Debutantes curtsey to an 8-foot cake at Queen Charlotte’s Ball, an exclusive event reportedly branded ‘bloody daft’ by Prince Philip

Out of over 150 applicants, only 22 were selected to be a debutante in Queen Charlotte’s Ball 2021.
Kate Green/Getty Images

On Sunday, 22 debutantes made their London society debut at Queen Charlotte’s Ball.
Founded in 1780, the event oozes tradition and debutantes curtsey to an 8-foot cake.
Not everyone has been a fan of the exclusive event – Prince Philip reportedly once dubbed it “bloody daft.”
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Queen Charlotte’s Ball, an event steeped in over two hundred years worth of history, debuted 22 new debutantes on Sunday.

The debutantes wore white couture ball gowns, provided to them on a complimentary basis.
Kate Green/Getty Images

Source: The London Season
Once the “most important ball of the social calendar,” the annual event took place at One Whitehall Place, a “prestigious” wedding venue along the River Thames.

The London Season has a “very rich history.”
Kate Green/Getty Images

Source: The London Season
The ball is hosted by The London Season, a non-profit, in partnership with Harrods. Each debutante gets a complimentary white couture gown, jewelry, and hairdressing on the big day.

Another plus is the free transport.
Kate Green/Getty Images

Source: The London Season
But the glitz and glam comes with decades of history – the ball was founded in 1780 by King George III in honor of his wife Queen Charlotte and was customarily held at the “end of hunting season.”

King George III first launched the ball to raise money for a new maternity hospital.
Kate Green/Getty Images

Source: The London Season
For over a hundred years, debutantes attending the ball were introduced to society in front of the reigning monarch.

Debutantes entered into society with a formal introduction with the reigning British monarch at the ages of 17 and 18.
Kate Green/Getty Images

Source: The London Season
However, Queen Elizabeth II put an end to this tradition in 1957 as “the social parameters” for what the season “stood for were being eroded.”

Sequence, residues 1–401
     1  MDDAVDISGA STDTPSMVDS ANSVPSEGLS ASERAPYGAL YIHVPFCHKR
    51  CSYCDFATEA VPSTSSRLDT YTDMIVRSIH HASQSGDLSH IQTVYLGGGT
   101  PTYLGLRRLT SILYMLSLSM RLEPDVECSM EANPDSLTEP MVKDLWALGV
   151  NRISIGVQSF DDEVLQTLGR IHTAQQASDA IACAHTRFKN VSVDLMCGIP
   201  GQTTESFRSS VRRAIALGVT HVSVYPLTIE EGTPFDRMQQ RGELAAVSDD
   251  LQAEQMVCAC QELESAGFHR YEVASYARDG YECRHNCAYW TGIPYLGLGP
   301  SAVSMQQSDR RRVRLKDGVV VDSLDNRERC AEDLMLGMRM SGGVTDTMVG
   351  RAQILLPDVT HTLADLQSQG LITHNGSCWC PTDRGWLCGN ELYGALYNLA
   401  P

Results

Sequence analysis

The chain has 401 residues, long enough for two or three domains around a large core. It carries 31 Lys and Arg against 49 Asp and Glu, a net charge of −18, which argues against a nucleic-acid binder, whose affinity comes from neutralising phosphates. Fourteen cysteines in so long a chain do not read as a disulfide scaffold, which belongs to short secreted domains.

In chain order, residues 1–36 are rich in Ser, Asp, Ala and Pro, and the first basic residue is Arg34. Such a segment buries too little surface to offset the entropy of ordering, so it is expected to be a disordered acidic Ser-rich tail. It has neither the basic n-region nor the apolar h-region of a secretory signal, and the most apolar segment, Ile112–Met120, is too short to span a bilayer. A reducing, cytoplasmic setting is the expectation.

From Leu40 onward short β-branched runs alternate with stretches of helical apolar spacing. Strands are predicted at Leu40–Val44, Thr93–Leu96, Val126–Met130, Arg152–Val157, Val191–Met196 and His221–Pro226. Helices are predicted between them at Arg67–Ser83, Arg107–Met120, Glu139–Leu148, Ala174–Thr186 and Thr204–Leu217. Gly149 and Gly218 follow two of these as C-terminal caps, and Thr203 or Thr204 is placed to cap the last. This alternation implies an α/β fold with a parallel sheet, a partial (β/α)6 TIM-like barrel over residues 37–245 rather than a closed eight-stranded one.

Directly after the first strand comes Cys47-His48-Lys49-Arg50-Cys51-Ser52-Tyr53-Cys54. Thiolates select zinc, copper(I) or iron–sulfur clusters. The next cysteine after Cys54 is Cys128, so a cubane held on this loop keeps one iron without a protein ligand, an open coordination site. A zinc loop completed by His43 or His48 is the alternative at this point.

After World War II, society balls seemingly went out of style.
Kate Green/Getty Images

Source: The London Season
Her decision to step back from the ball may have something to do with Prince Philip’s opinion – according to The Guardian, he once called the event “bloody daft.”

It’s safe to say Prince Philip wasn’t a fan.
Kate Green/Getty Images

Source: The Guardian
With no monarch to curtsey to, debutantes now do so in front of something slightly different: an eight-foot cake baked in honor of Queen Charlotte.

For this year’s ball, the cake was baked by Fehmee John.
Kate Green/Getty Images.

Source: The London Season
A representative for the London Season told Insider that they still get over 150 debutante applications each year.

It appears Queen Charlotte’s Ball is still in vogue.
Kate Green/Getty Images

Jennie Hallam-Peel, a fourth-generation debutante who interviews debutantes for a place at the ball, said they choose girls who are “career-focused” and “show a desire to help the charity each year.”

Debutantes gather around the impressive eight-foot cake in honor of Queen Charlotte.
Kate Green/Getty Images

Before the ball took place, debutantes raised funds for The Honeypot, the charity supported by the London Society, in a variety of ways including baking, an art auction, and a charity walk.

Out of the 22 debutantes selected for this year’s ball, some raised money for charity through art auctions and bake sales.
Kate Green/Getty Images

Source: The London Season
Even though more than 200 years have passed since the ball first started, it’s still an exclusive event – according to Hallam-Peel, personal invitations are sent out and debutantes can only be escorted by their siblings or men from “former debutante families.”

Unless you’re personally invited, entry to Queen Charlotte’s Ball is prohibited.
Kate Green/Getty Images

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